Rudhir: I'd love to. I'd start by actually just saying that when I started regularly meditating, it was the beginning of an incredible shift in my life both professionally and personally. It's for those who are exploring meditation and dabbling, the commitment to a practice of 20 minutes a day, 20 minutes twice a day or even 10 minutes a day of mindfulness practices I think can be the beginning of a huge evolution and even revolution in your life in terms of how you feel and just fulfillment.
Rudhir: When I was at Apple about a year or two in, I started a daily practice of 20 minutes twice a day of meditating. I'll tell you a little bit more about what is mindfulness and different ways of practicing. Just to kind of get people in tune with the benefits, I started practicing, and so much changing. Three months of regular practice, I committed to 20 minutes twice a day, and I did it because actually I paid for a class. When you pay for a class for some reason, it's just like a gym membership. Something happens, and you're like, "All right, I'm paying the money. I'm going to make a commitment."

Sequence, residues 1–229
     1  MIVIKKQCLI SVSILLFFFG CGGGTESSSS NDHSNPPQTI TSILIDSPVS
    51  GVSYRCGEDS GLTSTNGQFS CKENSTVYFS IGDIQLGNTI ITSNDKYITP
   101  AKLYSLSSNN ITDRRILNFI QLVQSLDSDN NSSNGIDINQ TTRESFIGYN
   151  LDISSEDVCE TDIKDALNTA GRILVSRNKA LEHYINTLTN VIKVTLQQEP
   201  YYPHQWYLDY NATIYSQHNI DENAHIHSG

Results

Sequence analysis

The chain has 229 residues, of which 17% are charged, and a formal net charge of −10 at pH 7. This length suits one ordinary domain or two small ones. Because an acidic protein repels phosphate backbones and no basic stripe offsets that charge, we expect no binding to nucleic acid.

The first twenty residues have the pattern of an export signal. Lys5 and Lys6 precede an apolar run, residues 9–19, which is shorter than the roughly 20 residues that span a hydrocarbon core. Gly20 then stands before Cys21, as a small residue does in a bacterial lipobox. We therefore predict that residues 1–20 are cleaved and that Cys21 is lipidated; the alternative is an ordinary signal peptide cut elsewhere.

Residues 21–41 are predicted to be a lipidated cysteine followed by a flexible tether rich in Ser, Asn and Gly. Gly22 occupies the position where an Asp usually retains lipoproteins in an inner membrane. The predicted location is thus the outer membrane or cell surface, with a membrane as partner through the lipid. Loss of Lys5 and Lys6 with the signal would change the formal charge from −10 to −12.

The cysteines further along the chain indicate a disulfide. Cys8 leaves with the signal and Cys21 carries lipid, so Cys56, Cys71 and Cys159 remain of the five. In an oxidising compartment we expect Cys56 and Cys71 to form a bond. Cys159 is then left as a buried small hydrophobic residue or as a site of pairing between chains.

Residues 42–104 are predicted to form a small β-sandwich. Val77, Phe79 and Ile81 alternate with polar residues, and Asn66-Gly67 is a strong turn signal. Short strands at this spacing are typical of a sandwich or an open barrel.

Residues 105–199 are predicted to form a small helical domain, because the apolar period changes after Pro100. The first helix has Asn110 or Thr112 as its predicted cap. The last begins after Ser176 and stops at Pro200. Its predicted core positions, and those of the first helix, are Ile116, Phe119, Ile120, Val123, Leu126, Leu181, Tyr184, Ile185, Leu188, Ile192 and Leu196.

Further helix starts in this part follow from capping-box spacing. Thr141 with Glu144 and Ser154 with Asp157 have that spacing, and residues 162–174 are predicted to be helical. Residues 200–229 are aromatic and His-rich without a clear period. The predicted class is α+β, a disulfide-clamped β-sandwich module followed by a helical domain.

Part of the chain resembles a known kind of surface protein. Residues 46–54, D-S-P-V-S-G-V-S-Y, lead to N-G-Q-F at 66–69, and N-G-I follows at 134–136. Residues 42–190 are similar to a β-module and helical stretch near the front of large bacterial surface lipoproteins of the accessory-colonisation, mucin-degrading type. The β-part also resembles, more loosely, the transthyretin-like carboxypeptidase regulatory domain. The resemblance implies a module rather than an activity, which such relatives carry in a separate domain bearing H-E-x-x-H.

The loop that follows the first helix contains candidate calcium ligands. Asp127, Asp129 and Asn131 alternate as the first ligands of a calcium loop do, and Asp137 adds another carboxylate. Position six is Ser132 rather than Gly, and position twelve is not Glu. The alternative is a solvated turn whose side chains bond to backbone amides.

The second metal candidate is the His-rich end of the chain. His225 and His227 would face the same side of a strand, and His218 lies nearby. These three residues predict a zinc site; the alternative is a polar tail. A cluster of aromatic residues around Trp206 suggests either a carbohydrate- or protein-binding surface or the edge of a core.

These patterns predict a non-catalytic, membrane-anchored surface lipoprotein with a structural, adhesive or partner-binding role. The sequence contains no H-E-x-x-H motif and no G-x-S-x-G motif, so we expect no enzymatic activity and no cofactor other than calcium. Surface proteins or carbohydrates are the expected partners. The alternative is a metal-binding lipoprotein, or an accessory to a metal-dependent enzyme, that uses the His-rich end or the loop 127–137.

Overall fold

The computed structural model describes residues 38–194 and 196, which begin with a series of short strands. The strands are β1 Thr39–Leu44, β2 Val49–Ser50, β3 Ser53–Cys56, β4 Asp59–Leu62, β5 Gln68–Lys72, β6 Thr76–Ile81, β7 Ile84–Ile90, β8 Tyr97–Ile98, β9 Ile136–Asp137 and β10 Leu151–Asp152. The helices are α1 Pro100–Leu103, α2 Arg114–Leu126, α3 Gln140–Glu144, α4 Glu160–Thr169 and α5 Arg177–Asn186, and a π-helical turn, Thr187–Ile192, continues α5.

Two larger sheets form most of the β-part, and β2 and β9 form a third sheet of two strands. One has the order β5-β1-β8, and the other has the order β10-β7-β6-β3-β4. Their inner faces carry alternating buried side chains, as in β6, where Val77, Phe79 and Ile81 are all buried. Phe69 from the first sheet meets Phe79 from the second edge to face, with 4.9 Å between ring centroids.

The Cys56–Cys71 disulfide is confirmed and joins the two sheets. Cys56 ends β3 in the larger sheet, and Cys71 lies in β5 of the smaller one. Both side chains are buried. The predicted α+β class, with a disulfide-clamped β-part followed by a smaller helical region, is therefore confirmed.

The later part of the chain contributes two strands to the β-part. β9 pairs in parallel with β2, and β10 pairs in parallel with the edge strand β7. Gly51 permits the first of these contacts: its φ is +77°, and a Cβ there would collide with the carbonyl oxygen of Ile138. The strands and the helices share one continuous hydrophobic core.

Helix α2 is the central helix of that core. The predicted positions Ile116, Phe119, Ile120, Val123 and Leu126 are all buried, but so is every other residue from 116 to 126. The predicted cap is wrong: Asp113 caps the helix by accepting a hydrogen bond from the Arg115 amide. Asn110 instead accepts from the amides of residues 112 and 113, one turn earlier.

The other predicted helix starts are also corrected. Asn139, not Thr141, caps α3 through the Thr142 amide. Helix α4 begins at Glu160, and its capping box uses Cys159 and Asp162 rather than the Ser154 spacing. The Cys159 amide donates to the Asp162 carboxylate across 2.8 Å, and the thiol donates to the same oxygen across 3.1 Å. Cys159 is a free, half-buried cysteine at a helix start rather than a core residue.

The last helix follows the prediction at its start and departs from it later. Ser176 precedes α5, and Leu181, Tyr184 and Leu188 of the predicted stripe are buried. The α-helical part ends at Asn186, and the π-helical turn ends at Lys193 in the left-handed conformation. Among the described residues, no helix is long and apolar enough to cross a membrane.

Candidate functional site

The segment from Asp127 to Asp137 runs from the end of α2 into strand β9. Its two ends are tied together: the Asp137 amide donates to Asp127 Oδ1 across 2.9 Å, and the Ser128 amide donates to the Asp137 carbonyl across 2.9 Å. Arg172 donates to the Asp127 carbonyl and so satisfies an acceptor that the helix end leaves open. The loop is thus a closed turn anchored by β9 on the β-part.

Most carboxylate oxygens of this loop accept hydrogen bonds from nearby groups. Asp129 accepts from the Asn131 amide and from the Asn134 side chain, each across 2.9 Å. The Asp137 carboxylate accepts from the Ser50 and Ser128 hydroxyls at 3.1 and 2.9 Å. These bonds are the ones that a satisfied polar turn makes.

Rudhir: I make the commitment of 20 minutes twice a day. I'm a coffee drinker. It's not the morning coffee. It's the 2:00 p.m. coffee for all my friends at Fish and Apple. At 2:00 p.m. it was clockwork. I'd come around the halls and say, "All right, let's just go get coffee." I noticed after two or three months of practicing... It's not like it has an alarm set, it's just at that time of the day you start feeling a little bit tired. My morning energy is I'm ready to go. Around 2:00 p.m. it starts to wither.